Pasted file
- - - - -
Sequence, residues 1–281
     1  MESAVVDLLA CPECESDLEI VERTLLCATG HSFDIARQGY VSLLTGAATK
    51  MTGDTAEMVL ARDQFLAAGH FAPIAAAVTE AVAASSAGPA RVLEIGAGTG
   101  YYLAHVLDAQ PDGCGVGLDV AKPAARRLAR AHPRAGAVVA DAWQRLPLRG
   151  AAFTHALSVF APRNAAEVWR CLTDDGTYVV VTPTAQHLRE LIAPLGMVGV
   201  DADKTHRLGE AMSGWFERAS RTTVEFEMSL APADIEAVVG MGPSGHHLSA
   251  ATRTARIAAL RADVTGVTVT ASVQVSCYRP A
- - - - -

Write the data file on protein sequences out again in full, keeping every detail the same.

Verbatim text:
Sequence, residues 1–281
     1  MESAVVDLLA CPECESDLEI VERTLLCATG HSFDIARQGY VSLLTGAATK
    51  MTGDTAEMVL ARDQFLAAGH FAPIAAAVTE AVAASSAGPA RVLEIGAGTG
   101  YYLAHVLDAQ PDGCGVGLDV AKPAARRLAR AHPRAGAVVA DAWQRLPLRG
   151  AAFTHALSVF APRNAAEVWR CLTDDGTYVV VTPTAQHLRE LIAPLGMVGV
   201  DADKTHRLGE AMSGWFERAS RTTVEFEMSL APADIEAVVG MGPSGHHLSA
   251  ATRTARIAAL RADVTGVTVT ASVQVSCYRP A